VTL also announced and demonstrated a significant tube monoblock amplifier, the Siegfried Series II. An a major revision of the Siegfried platform, the new circuit is fully balanced, features a shorter feedback loop that is now balanced, uses no global feedback, and features an output stage with a lower output impedance. Parts upgrades include Mundorf silver-oil capacitors and extensive use of Teflon bypass caps. The price is $65,000 per pair.
Music Culture Technology, the firm founded by Wolfgang Meletzky, launched an ambitious new line that includes the mc 811 solid-state monoblock, a squarish-looking unit mounted on feet and finished in gloss black. The 811s will be available in November at a U.S. retail price of $15,990 per pair. The 300W unit includes a front-panel switch that allows the user to tailor the amplifier’s output stage to the loudspeaker’s impedance, specifically whether the loudspeaker likes to be driven by voltage or by current.
Another company making handcrafted amplifiers, Doshi Audio, created some great sound driving Wilson Sasha loudspeakers with its Alaap V2.1 full-function preamp ($14,995) and Jhor monoblocks ($18,995 per pair). Although the circuits are based on classic designs from the 1950s, the implementation is state-of-the-art. For example, the preamplifier’s volume control is a 31-position transformer rather than a potentiometer or a switched-resistor network. The phono section is fully balanced, features a four parallel triode section, and a passive RIAA network. The 90W Jhor power amplifier employs two pairs of EL34s, again in a classic circuit with a massive supply and the best associated parts. The rest of the system included the SME 20/3 turntable/Series V arm fitted with a Koetsu Onyx Platinum cartridge, a Wadia S7i CD player, Transparent Audio cables and power conditioning throughout, and racks from Harmonic Resolution Systems.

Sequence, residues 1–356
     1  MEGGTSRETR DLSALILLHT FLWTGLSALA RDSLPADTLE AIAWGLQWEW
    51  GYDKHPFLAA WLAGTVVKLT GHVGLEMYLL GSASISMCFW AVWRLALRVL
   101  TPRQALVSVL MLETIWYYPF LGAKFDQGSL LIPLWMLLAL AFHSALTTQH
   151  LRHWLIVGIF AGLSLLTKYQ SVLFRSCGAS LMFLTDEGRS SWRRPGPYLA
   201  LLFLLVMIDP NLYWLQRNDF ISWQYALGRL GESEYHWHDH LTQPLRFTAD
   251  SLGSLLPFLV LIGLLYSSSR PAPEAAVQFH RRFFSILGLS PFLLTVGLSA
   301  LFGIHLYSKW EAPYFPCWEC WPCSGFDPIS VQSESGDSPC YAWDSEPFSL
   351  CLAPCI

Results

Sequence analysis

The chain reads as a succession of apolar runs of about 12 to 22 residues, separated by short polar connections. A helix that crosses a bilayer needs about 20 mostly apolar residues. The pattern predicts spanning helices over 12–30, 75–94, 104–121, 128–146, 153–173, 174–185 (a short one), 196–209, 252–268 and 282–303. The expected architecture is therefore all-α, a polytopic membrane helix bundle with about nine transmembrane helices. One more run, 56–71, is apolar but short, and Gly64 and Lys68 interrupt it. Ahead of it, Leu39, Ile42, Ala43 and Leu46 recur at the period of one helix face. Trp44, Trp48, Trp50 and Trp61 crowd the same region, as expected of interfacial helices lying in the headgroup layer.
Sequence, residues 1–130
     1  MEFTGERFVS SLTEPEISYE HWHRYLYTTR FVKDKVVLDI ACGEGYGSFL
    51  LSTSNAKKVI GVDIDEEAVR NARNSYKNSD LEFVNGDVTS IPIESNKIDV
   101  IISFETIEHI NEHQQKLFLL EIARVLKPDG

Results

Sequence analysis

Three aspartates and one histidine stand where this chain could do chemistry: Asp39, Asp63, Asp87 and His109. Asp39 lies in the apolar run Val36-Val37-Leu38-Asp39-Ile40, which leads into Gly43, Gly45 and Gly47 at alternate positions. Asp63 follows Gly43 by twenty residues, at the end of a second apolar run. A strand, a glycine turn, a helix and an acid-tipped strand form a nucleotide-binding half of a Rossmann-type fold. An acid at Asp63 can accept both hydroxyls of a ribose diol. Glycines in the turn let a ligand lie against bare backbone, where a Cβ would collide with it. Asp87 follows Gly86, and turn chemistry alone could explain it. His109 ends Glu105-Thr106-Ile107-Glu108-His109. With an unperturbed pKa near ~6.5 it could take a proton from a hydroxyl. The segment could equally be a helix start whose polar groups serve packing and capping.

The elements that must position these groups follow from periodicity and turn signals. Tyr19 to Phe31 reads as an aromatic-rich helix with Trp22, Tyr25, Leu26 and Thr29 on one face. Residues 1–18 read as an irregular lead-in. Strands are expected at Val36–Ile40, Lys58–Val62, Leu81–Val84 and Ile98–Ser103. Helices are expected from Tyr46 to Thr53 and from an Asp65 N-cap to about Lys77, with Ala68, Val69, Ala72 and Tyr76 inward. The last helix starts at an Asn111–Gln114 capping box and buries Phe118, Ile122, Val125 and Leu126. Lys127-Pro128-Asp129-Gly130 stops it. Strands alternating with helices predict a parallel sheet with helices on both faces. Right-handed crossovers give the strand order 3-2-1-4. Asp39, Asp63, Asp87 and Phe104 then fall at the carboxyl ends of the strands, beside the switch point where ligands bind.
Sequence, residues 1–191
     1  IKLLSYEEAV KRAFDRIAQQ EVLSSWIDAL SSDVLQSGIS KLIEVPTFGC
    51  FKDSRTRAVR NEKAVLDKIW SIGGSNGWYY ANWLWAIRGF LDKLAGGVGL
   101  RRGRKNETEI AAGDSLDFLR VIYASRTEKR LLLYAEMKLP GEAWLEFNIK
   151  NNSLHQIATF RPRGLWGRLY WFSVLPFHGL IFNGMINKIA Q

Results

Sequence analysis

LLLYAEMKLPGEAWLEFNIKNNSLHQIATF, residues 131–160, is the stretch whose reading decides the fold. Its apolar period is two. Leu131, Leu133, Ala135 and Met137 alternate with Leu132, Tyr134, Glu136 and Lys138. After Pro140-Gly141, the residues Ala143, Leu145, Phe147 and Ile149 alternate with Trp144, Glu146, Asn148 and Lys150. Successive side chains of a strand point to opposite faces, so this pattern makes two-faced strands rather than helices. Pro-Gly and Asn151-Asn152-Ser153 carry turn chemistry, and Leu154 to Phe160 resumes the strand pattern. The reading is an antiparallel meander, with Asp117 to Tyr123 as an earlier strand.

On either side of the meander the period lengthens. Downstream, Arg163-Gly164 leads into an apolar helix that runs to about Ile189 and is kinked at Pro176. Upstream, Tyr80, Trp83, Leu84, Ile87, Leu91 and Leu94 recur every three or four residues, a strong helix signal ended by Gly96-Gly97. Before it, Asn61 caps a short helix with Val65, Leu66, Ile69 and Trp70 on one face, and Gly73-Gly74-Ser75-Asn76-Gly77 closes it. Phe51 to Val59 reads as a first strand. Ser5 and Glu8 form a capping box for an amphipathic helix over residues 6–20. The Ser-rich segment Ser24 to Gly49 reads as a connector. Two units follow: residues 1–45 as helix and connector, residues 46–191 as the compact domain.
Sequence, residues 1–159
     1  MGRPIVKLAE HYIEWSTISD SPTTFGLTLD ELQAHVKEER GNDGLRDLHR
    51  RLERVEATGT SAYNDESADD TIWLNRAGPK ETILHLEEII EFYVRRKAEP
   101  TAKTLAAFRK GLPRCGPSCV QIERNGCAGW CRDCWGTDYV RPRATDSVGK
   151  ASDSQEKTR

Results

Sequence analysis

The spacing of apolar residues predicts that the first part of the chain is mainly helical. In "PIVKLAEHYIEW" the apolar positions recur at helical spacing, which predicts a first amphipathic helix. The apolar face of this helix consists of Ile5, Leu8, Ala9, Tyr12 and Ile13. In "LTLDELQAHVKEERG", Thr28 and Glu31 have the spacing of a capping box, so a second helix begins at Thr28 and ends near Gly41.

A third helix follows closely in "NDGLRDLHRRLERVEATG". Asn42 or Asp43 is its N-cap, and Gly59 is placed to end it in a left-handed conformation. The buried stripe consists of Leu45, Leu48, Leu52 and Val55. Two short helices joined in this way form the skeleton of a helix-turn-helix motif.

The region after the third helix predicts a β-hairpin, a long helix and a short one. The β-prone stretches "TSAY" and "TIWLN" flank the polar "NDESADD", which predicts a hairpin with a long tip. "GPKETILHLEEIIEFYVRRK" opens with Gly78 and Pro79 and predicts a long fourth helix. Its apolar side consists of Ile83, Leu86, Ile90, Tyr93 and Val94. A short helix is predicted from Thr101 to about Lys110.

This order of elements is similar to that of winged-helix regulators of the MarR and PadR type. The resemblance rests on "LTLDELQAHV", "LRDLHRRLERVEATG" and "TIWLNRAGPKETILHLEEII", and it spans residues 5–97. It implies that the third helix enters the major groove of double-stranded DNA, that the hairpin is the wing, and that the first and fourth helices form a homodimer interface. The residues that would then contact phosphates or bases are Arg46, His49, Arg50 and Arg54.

Concert Fidelity launched a new tube hybrid linestage, the CF-080 LSX2. The $20,000 unit features a unique volume control that has no physical contacts in the signal path. Gain is provided by a pair of 12AU7 tubes that stick out of the rear panel, and a 6CA4 tube functions as a rectifier. The system I heard with the Concert Fidelity ZL-200 monoblocks ($40k per pair) and DAC-040 tube hybrid D/A converter driving the Kawero! loudspeaker from Kaiser Acoustics through Fono Acustica cables did a disappearing act, leaving an engaging musicality in place of the hardware. Concert Fidelity is a 24-year-old artisanal Japanese company that strives for minimalist circuits. All the products are hand-made by the founder and designer, Masataka Tsuda.